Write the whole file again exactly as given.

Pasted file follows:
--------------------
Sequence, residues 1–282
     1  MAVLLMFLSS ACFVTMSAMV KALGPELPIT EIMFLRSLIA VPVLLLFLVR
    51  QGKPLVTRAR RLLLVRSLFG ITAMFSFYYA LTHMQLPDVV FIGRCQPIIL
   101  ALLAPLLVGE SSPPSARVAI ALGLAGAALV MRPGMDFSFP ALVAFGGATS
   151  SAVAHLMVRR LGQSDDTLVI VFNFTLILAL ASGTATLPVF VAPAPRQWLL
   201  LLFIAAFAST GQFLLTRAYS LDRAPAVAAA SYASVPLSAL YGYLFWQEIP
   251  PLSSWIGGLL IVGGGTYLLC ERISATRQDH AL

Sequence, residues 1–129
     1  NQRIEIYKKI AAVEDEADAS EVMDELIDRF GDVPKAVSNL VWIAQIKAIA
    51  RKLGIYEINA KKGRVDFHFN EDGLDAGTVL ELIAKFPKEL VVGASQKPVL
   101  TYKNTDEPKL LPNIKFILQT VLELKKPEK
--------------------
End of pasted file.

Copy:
Sequence, residues 1–282
     1  MAVLLMFLSS ACFVTMSAMV KALGPELPIT EIMFLRSLIA VPVLLLFLVR
    51  QGKPLVTRAR RLLLVRSLFG ITAMFSFYYA LTHMQLPDVV FIGRCQPIIL
   101  ALLAPLLVGE SSPPSARVAI ALGLAGAALV MRPGMDFSFP ALVAFGGATS
   151  SAVAHLMVRR LGQSDDTLVI VFNFTLILAL ASGTATLPVF VAPAPRQWLL
   201  LLFIAAFAST GQFLLTRAYS LDRAPAVAAA SYASVPLSAL YGYLFWQEIP
   251  PLSSWIGGLL IVGGGTYLLC ERISATRQDH AL

Sequence, residues 1–129
     1  NQRIEIYKKI AAVEDEADAS EVMDELIDRF GDVPKAVSNL VWIAQIKAIA
    51  RKLGIYEINA KKGRVDFHFN EDGLDAGTVL ELIAKFPKEL VVGASQKPVL
   101  TYKNTDEPKL LPNIKFILQT VLELKKPEK